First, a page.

it should_display_the_welcome_message_in_the_view = () =>
        result.is_a_view_and().ViewData[key].should_be_equal_to(message);
}

The fluent syntax in the BDD specifications is mostly straight from JP’s developwithpassion library, which uses extension methods to the extreme to wrap MbUnit and RhinoMocks. I added a couple of MVC ActionResult specific extension methods to help with checking the results of the actions by casting them to their expected types first:

public static class ActionResultExtensions
{
    public static ViewResult is_a_view_and(this ActionResult result)
    {
        return (result as ViewResult);
    }

    public static RedirectResult is_a_redirect_and(this ActionResult result)
    {
        return (result as RedirectResult);
    }

    public static RedirectToRouteResult is_a_redirect_to_route_and(this ActionResult result)
    {
        return (result as RedirectToRouteResult);
    }

    public static string controller_name(this RedirectToRouteResult redirect_result)
    {
        return redirect_result.RouteValues["Controller"].ToString();
    }

    public static string action_name(this RedirectToRouteResult redirect_result)
    {
        return redirect_result.RouteValues["Action"].ToString();
    }

    public static void should_be_empty(this String the_string)
    {
        the_string.should_be_equal_to(string.Empty);
    }
}

I’m also relying on the convention over configuration approach of MVC in that if you don’t pass in a view name to an ActionResult then it will use the name of the calling action, so when I say:

it should_return_the_home_view = () =>
    result.is_a_view_and().ViewName.should_be_empty();

I’m enforcing that the view name is the same as the action name.

We’ve now got the default action of the HomeController covered and if these specifications were executed, they would pass based on the out-the-box MVC project HomeController functionality:

[HandleError]
public class HomeController : Controller
{
    public ActionResult Index()
    {
        ViewData["Message"] = "Welcome to ASP.NET MVC!";

        return View();
    }

    public ActionResult About()
    {
        return View();
    }
}

Our second scenario (which we know by looking at what the HomeController already does!) is that we need an about page. We (already) decided to handle this by adding an About action to the HomeController.

When the home controller is told to display the about view

  • It should display the about page view

Simple really. Try to remember that normally, the HomeController would not already have this functionality so we would be driving this out from the spec. Translating this into code and following the conventions I had previously I came up with the following specification:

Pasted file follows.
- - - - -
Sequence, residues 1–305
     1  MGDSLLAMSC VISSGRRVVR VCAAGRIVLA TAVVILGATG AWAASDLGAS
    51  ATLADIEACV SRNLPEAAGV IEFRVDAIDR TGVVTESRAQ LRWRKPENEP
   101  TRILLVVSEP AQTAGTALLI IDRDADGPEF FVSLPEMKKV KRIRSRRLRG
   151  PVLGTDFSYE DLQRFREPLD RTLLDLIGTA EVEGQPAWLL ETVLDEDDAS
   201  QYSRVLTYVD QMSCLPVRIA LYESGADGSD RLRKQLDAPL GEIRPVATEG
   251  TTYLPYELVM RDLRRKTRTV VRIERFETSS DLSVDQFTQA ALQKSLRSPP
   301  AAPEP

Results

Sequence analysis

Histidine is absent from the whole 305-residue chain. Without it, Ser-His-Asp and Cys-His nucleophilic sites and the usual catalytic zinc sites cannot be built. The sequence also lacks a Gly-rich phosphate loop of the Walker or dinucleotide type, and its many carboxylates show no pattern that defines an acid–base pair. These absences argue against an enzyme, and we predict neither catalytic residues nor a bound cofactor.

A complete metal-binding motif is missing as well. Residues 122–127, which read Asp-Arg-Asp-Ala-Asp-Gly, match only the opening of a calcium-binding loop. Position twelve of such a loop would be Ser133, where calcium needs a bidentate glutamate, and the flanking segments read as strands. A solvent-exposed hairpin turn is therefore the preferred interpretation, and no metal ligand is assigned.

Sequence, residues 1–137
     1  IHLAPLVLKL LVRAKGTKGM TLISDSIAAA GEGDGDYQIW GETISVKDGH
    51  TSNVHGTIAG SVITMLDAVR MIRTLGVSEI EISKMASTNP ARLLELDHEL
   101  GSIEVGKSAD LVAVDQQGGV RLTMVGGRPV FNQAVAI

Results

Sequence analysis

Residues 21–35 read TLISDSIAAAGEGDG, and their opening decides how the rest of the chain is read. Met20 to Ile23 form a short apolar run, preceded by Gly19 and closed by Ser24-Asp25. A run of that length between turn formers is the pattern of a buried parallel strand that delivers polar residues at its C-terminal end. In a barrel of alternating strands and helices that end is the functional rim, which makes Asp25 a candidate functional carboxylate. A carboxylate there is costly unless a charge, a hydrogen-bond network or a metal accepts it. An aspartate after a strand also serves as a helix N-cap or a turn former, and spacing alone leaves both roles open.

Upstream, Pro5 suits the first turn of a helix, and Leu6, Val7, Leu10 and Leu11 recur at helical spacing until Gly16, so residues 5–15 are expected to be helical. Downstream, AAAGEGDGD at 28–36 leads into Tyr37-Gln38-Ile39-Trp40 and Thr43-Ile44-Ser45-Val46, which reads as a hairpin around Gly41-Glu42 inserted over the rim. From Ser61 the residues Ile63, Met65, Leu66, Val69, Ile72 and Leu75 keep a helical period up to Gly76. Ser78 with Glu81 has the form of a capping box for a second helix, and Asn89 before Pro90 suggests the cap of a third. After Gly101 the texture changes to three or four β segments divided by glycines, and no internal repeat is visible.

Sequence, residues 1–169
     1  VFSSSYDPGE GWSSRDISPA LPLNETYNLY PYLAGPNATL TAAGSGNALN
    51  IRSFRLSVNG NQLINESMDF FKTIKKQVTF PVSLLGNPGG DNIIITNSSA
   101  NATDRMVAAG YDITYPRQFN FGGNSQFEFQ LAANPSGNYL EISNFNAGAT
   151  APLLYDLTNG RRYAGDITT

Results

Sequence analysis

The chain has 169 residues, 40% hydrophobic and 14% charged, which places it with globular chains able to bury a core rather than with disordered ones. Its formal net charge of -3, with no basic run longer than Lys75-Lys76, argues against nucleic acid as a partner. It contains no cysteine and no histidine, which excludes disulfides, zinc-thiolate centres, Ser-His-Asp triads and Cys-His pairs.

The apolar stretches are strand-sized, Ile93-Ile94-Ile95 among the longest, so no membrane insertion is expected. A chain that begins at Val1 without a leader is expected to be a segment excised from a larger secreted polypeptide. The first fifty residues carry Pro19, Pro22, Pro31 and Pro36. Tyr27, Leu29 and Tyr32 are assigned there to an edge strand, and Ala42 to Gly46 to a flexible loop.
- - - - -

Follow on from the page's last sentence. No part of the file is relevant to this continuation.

[Concern(typeof(HomeController))]
public class when_the_home_controller_is_told_to_display_the_about_view : observations_for_a_sut_without_a_contract<HomeController>
{
    static ActionResult result;

    because b = () =>
        result = sut.About();

    it should_return_the_about_view = () =>
        result.is_a_view_and().ViewName.should_be_empty();
}

Ok, so this isn’t rocket science, and the HomeController doesn’t really do much, but if we wanted to add a help page for example then we could go on in similar fashion for adding the spec and then adding the action onto the HomeController. Or, if we decided to change the default home page view (e.g. to display the current date, or the logged in username, or a different view for every day of the week), then we can add to or modify our HomeController specifications accordingly.

 

Next Time…

I’m really happy with these controller specs and creating them for the HomeController, although simple, has given me a style and convention of how I’m going to approach the other functionality in our out-the-box MVC application. In the next post, I’ll start to look at the AccountController, where things get a bit more interesting. Hopefully this has shown how powerful BDD can be when talking at the controller level of an application.

UPDATE - Due to wierd formatting issues with the code snippets, I'd recommend reading this in Chrome, which seems to give the best experience!

@broomej

 

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Published Wednesday, September 16, 2009 4:12 PM by james.broome

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About james.broome

James is a Technical Consultant at Conchango